Many factors can contribute to the development of a drug or alcohol addiction. Trauma, for example, is a common precursor to substance abuse and addiction. Because of this, Crestview Recovery includes trauma therapy in our addiction therapy programs. This allows patients to address any history of trauma and focus on their recovery.
Many factors can contribute to the development of a mental health disorder like drug or alcohol addiction. Consequently, Crestview Recovery includes trauma-informed therapy as part of our mental health and addiction treatment curriculum. This allows patients to address any history of trauma in a safe environment in order to move forward and not be trapped in the past.
Identifying and Understanding Trauma
When the brain is not able to process fear, violence, the death of a loved one, threats, or emotional abuse, it has a traumatic effect on a person’s psyche. Failing to process trauma can cause problems because people with unhealed trauma react to this trauma when confronted with day-to-day conflicts and issues. This can result in more anxiety, anger, depression, and other problems.
In fact, someone can be born with a nervous system with a predisposition toward developing post-traumatic stress disorder, but it may also happen after an injury or illness.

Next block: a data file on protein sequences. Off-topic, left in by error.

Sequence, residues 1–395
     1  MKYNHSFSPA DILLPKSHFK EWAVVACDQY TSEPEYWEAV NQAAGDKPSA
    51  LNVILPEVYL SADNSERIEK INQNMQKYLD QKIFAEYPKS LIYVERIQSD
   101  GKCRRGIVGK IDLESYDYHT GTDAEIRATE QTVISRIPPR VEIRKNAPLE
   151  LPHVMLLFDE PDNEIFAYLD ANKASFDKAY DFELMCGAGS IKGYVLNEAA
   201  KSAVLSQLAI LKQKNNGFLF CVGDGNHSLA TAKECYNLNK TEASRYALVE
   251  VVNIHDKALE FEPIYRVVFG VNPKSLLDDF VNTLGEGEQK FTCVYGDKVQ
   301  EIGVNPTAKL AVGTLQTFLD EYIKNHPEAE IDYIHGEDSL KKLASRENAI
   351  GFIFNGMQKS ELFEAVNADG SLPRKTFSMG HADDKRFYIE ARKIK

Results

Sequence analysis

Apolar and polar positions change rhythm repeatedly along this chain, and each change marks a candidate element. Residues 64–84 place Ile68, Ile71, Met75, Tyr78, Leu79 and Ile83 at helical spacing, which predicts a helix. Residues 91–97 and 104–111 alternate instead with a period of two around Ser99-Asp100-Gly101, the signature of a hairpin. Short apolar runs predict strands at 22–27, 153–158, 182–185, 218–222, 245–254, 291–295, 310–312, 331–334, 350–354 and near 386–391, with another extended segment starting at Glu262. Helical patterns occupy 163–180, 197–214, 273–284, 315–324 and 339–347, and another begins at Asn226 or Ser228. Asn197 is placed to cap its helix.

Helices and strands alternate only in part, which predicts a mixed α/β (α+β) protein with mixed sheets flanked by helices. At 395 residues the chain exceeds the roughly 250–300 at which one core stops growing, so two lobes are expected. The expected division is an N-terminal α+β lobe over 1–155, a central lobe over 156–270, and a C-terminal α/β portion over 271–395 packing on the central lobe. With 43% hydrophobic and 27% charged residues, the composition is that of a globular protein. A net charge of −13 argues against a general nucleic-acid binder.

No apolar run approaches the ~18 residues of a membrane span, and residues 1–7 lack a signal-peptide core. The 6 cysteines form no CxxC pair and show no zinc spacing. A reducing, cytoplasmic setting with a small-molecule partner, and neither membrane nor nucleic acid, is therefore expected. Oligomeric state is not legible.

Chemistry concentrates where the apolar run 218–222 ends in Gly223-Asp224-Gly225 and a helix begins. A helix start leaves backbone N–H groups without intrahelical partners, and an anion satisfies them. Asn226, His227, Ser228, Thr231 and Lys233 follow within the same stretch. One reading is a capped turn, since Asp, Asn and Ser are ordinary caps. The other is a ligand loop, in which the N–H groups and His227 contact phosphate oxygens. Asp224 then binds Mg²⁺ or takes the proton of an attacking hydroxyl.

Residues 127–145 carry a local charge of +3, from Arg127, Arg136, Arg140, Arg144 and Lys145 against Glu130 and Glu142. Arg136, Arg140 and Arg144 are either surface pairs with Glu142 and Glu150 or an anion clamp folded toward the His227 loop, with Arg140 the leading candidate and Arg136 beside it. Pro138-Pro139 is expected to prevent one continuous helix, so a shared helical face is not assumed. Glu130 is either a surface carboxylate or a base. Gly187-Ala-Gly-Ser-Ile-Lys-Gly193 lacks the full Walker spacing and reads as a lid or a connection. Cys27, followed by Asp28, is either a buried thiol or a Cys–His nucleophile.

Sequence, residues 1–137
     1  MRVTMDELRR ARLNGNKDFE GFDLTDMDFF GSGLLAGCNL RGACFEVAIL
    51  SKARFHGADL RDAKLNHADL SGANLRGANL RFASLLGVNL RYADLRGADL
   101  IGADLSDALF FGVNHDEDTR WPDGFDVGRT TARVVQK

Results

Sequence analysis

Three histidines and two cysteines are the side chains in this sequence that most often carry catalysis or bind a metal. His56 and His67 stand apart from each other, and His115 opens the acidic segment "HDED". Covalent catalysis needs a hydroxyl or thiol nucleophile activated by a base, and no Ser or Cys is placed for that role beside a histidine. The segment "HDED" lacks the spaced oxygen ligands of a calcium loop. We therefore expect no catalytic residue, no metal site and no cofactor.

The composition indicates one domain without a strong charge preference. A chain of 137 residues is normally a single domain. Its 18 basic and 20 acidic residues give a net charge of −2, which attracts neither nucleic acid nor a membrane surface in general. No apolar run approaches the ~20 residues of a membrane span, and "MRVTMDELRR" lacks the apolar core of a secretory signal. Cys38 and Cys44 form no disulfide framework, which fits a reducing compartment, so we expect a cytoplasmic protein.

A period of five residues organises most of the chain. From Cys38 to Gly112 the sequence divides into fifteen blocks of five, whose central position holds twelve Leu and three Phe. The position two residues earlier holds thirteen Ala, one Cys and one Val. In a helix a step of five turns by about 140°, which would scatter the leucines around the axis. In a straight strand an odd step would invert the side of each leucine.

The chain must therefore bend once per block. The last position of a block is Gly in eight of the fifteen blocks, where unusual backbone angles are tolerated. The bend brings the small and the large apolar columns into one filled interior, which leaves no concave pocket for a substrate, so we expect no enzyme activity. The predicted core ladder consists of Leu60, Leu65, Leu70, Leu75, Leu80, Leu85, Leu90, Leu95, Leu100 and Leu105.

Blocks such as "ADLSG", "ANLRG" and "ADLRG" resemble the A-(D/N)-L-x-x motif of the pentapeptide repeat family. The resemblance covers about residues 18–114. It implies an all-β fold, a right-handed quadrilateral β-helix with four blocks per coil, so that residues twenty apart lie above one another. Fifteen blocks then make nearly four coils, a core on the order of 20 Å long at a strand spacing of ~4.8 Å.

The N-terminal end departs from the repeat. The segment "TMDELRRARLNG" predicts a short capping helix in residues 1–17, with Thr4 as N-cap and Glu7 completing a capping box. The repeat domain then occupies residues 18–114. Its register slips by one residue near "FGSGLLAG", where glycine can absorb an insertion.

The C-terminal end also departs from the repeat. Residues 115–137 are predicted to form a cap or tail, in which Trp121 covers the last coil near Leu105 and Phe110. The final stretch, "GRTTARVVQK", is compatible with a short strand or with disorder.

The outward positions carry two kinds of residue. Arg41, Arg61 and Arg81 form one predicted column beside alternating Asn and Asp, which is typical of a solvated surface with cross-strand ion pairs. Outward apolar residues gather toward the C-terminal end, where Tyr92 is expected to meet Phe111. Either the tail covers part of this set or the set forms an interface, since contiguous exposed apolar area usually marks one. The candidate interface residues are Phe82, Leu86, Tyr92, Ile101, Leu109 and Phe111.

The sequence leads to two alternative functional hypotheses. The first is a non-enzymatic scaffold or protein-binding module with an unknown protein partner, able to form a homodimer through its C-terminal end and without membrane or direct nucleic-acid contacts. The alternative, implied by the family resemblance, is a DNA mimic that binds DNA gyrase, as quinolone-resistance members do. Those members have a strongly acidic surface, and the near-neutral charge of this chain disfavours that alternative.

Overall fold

Trauma is not always physical on some level because emotional traumas can affect a person’s nervous system and mental health. Even though trauma may be the result of an external source, the effects on the brain manifest in the mind.
People often misunderstand post-traumatic stress disorder because of the correlation between violence and physical injury with psychological damage. However, most traumas are not direct results of physical injuries. Instead, they are the result of exposure to violence, abuse, accidents, and illness. These events can lead a person into a state where their nervous system is in constant fight-or-flight mode because the brain is constantly being activated by stress hormones.
What is Trauma-Informed Therapy?
Trauma-informed therapy can be especially helpful when patients have repressed traumatic experiences in the past. This is particularly true among those who were very young when the trauma occurred. Reconstructing the scene and asking specific questions about the experience might bring it to memory. This isn’t meant to be hurtful, but to lead to a resolution. However, the process can be difficult for some.
Individual therapy can also help patients understand that trauma isn’t a normal experience. Those who suffered from issues like domestic violence or sexual assault at a young age might believe that all individuals struggle with these issues. Identifying them as wrong and unusual helps prevent individuals from keeping silent in the future.
Finally, therapy can be an outlet for those who haven’t verbalized their trauma in the past. It’s unsettling to discuss trauma for most individuals. However, it’s a necessary step for recovery in many cases. Patients might talk about a traumatic experience, such as:
- Witnessing a violent crime
- Being the victim of a physical attack